URA split over call by owners to leave their Staunton St buildings out of project

PUBLISHED : Tuesday, 04 August, 2009, 12:00am
UPDATED : Tuesday, 04 August, 2009, 12:00am

Urban Renewal Authority members are divided over a call by residents in Staunton Street for their recently renovated tenement homes to be spared from a redevelopment plan.

Their views were expressed after the residents called a press conference to back their demand. The Town Planning Board supports the residents and is seeking advice on excluding the five tenement buildings from the redevelopment site.

Dare Koslow, who said he bought two flat at 64 Staunton Street two years ago and now lives in them, said he was pleased to hear that the board urged the government last month to consider reducing the redevelopment to preserve the five buildings.

'It was a very comforting message that the board wants the government to listen to the people,' said Mr Koslow, who works for a telephone company. He and six other residents of the five buildings, who claim to own more than 60 per cent of the site, made their case to the board at last month's meeting.

The site, where a 28-storey block is planned, is one of three in the project. Blocks of six and 13 floors are planned on the other two sites.

A URA spokesman said it had already struck a balance between preservation and development last year by slashing 18 storeys off a planned 24-storey building. And a URA board member said the development on the tenement site enabled lower density buildings on the other two.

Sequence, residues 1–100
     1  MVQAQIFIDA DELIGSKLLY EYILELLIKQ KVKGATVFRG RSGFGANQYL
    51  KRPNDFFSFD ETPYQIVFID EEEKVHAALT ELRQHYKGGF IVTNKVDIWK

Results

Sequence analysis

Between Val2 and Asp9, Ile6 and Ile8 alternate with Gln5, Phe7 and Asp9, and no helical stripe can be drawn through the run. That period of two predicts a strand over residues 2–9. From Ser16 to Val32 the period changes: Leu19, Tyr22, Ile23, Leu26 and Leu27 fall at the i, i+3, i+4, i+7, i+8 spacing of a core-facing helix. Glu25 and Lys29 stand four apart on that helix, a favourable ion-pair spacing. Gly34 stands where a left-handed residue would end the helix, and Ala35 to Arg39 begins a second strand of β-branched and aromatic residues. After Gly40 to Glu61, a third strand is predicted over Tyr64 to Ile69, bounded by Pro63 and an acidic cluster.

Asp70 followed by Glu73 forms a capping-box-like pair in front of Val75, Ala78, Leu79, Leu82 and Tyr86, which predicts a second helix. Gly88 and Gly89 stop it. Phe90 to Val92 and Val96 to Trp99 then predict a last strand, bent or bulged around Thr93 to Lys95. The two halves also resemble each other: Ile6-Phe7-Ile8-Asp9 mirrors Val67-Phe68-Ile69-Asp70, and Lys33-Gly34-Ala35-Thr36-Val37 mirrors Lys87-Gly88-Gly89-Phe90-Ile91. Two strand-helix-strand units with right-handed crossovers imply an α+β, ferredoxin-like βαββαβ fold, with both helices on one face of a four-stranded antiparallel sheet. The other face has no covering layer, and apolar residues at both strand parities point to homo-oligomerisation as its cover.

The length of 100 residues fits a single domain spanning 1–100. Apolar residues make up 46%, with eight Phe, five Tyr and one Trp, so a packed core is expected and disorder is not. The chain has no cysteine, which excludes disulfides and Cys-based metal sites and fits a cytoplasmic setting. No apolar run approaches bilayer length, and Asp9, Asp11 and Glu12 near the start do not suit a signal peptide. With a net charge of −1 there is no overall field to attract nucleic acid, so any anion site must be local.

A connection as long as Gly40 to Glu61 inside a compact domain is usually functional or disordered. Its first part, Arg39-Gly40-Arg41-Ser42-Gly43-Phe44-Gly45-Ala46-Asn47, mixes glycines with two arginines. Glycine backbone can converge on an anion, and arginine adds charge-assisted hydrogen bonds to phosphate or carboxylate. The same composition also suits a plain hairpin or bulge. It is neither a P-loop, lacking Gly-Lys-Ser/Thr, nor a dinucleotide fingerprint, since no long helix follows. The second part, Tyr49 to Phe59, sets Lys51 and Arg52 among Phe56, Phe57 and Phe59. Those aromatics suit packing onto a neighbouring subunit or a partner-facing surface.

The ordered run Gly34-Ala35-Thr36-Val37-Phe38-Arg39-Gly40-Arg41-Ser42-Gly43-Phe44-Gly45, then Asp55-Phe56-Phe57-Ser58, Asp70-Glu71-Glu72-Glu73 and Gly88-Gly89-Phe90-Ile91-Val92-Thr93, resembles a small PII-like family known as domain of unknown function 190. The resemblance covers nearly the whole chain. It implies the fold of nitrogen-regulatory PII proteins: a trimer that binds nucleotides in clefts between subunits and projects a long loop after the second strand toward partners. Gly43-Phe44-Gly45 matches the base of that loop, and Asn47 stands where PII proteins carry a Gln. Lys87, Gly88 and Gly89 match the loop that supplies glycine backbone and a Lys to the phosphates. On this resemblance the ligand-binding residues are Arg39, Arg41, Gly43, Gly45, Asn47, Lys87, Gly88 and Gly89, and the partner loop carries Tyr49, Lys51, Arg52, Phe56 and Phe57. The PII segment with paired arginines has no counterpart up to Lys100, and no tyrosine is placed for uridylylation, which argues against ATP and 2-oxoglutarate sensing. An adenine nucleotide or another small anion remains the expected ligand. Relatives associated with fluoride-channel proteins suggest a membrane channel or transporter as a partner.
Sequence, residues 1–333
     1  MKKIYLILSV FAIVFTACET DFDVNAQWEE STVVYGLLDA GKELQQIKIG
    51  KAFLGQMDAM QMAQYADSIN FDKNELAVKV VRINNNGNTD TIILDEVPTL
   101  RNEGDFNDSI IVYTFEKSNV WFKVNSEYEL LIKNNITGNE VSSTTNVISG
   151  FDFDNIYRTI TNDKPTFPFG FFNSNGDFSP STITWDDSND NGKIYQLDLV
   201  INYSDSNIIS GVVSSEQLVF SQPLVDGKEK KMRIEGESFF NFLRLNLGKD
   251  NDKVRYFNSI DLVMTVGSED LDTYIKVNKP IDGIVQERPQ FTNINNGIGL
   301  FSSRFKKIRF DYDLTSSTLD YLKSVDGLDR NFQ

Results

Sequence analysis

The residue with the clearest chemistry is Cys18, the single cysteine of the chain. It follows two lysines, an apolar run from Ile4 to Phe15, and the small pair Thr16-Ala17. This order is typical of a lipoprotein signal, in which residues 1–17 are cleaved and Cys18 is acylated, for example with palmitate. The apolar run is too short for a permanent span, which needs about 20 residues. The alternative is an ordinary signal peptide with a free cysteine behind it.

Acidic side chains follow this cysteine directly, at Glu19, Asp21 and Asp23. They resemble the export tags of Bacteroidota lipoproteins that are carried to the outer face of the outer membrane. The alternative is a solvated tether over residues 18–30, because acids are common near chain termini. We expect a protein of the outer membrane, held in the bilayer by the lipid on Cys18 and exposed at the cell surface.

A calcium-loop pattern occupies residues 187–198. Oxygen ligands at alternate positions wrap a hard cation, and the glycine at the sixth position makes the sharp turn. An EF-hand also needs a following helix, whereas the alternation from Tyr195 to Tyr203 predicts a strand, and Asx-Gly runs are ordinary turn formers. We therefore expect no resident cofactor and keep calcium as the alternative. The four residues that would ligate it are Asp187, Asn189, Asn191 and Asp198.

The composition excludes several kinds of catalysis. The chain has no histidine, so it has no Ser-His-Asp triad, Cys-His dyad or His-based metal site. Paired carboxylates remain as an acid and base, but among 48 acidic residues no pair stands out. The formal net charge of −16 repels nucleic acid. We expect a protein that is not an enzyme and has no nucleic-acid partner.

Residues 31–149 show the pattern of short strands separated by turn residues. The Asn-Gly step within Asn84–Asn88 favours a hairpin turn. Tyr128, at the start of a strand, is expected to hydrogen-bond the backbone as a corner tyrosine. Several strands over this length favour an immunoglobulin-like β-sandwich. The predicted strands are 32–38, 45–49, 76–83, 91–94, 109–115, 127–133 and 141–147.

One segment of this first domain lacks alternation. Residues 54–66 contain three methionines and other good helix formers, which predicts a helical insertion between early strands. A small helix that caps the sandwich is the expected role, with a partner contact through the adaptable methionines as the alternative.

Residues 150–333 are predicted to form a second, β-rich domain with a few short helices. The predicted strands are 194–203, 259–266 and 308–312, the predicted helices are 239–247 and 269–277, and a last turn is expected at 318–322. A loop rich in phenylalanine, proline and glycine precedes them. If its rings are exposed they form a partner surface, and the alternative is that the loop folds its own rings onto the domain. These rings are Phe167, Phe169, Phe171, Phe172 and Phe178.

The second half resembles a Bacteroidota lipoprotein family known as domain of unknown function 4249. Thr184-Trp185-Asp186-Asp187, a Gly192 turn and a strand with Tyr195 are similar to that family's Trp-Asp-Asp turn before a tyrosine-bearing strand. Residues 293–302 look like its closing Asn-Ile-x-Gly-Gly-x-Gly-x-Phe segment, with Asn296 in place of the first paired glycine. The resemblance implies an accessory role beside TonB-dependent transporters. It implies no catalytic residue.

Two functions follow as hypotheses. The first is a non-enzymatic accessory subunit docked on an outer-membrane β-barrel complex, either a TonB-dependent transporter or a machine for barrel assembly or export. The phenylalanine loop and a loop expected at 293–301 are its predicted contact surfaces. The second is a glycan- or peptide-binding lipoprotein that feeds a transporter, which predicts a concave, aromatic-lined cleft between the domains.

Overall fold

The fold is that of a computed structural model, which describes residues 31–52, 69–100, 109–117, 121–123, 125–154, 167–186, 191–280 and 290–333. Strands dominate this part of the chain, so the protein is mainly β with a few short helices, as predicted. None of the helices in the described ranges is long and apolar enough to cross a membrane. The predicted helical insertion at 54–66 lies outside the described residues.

Mr Koslow said at the press conference at his home that he had not been 'fully aware' of the development when he bought his flats in 2007 and spent HK$2 million renovating them, although the scheme was announced in 2003.

'I did not know what it meant... I believe private property rights should be respected,' he said, adding that he was not aiming to sell his property for a high price and would like to stay for another 15 years.

Civic Party legislator Tanya Chan, a non-executive director of the URA, said she hoped the authority would review the scheme. She said she would raise the issue at the next authority board meeting at the end of the month.

Lawmaker Ip Kwok-him of the Democratic Alliance for the Betterment and Progress of Hong Kong, another non-executive director, said he was concerned that sparing one site would affect the redevelopment's financial viability.

'It is the development on the site in question that makes lower densities possible for the other two sites,' he said, adding that Mr Koslow knew about the development when he bought the property.

Daniel Lam Chun, also a non-executive director, said the law did not allow the URA to cancel a project it had announced and he hoped such an option might be introduced.